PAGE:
[...] Le livre, tel qu’il se presente actuellement, garde son air important et necessaire d’ouvrage de politique generate, de politique europeenne. Les notes en question - notes anonymes - lui donneraient un ton de propagande qui en attenuerait la portee, et en fausserait le sens. [...] Il existe, en effet, a l’heure actuelle, dans ces notes, un certain nombre de jugements severes sur ^organization et le gouvernement des Democraties. Or ces jugements sont anonymes. Une Censure de guerre porrait-elle envisager de viser ainsi ces affirmations sans visage et sans responsable.
The Portuguese side agreed and the book came out without notes in May 1940, shortly before the occupation of Paris by German troops. The promotional campaign was carefully prepared among both intellectuals and leading figures and newspapers and magazines. Thus far, there were no references from the Portuguese side as to the political situation then experienced. However, the final set of documents analysed changed this oversight. Paulo Osorio, now Press Attache at the Delegation of Portugal to occupied France, requested instructions from Ferro as regards the promotion/propaganda of the second volume of the Discursos (30/8/1940). The response raises interest: the propaganda “would be of use in a non-occupied France, where they are studying the political reforms of the country” [“a sua divulga^ao e expansao seria util na Franca nao ocupada, onde estao a estudar-se as reformas politicas daquele pais”]. At this time, SPN was making insistent requests both to Flammarion, which had in the meanwhile relocated to Lyon, and to the Portuguese Ministry of Foreign Affairs with the objective of securing the dispatch of two volumes to Lisbon, where the book had sold out, and where it now proved necessary “for the action of this Organism and, especially, to supply to foreign individuals wishing to translate the works into languages in which they are not yet published” [“para a ac^ao deste Organismo e, especialmente, para serem fornecidos a individualidades estrangeiras que pretendem traduzi-los para linguas em que ainda o nao estao”] (letter from Silva Dias to the Foreign Ministry on the orders of Salazar, 3/1/1941). The Foreign Ministry was told to undertake, whether in free or in occupied France, every due effort to send the copies to Portugal. The SPN did not even hold back from recalling the terms of the contract to the French publisher even while there were clearly exceptional circumstances prevailing. These insistences extended through to at least May 1942 and included invoking the argument (considering the commercial interest) of the many foreigners then passing through Lisbon (as a matter of fact, refugees on their way to America!). The French publisher also ended up positing the scope for a second edition of the work.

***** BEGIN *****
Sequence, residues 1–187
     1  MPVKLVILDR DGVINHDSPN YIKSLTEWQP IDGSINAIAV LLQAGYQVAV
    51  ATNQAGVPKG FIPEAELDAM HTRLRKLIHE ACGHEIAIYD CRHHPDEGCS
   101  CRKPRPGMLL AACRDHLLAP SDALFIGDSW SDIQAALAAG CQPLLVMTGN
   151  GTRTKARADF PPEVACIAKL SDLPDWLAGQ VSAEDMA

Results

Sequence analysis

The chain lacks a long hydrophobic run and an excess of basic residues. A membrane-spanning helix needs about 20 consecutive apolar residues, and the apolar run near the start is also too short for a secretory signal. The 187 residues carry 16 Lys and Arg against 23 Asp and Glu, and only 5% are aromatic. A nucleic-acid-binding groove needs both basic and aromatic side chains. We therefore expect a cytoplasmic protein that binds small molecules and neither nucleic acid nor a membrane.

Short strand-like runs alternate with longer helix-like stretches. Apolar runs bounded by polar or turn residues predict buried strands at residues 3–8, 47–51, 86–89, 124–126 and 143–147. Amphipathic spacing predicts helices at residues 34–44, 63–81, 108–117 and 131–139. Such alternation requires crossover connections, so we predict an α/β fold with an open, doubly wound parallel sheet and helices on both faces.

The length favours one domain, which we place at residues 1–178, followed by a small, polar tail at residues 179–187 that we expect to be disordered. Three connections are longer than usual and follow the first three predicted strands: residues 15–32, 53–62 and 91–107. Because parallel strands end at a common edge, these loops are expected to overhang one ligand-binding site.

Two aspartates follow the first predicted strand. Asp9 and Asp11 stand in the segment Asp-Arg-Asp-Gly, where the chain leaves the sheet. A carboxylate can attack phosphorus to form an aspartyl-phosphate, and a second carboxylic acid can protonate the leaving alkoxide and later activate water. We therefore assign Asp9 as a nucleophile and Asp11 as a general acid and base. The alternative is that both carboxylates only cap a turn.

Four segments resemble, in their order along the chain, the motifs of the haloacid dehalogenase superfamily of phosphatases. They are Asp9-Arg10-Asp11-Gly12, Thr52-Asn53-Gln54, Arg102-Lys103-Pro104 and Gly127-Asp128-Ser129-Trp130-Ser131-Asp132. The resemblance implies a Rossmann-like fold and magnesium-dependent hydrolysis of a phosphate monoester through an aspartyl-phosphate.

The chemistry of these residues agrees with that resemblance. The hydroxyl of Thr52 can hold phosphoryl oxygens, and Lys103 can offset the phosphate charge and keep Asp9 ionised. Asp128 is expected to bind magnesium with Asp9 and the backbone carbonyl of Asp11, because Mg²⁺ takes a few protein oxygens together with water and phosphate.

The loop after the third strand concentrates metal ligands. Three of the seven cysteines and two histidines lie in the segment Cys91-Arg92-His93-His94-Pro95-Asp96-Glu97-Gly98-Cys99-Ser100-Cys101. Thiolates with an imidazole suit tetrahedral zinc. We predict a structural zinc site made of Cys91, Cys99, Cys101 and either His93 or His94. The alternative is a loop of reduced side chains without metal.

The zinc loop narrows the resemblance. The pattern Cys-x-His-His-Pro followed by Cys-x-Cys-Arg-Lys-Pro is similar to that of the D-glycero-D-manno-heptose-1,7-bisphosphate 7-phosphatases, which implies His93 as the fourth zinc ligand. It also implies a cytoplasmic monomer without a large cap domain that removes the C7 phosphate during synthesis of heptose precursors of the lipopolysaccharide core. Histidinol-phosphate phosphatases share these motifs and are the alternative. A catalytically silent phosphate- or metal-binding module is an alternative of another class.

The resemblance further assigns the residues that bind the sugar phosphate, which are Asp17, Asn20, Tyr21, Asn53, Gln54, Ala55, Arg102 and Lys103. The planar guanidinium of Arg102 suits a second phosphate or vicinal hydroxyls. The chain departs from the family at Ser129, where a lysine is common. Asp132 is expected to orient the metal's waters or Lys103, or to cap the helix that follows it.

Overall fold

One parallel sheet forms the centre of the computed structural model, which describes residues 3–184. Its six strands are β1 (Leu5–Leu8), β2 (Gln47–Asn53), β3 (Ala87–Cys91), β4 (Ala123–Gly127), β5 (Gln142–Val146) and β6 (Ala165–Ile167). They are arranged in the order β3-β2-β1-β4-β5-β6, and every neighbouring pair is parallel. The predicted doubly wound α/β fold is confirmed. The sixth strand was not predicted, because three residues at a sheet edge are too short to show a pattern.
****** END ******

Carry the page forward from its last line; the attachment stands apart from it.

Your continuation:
The two volumes of the French translation, but especially the first volume, would end up taking on major significance given that Salazar himself, whilst always preferring translations based upon the original (with substantial evidence proving this point), would always recommend, whenever direct translation was not possible, the French edition out of the consideration that this was the closest to his own original texts. Furthermore, the choice of the texts in the first volume would be repeated across the other editions that took French as the intermediary language: the Italian, Spanish, Greek, Rumanian, Serbian and Japanese editions and as well as the English. However, the SPN, always in close connection with Salazar’s Office, remained constantly on hand to add on the most recent speeches, chronologically closest to the date of publication (as happened with the second French volume).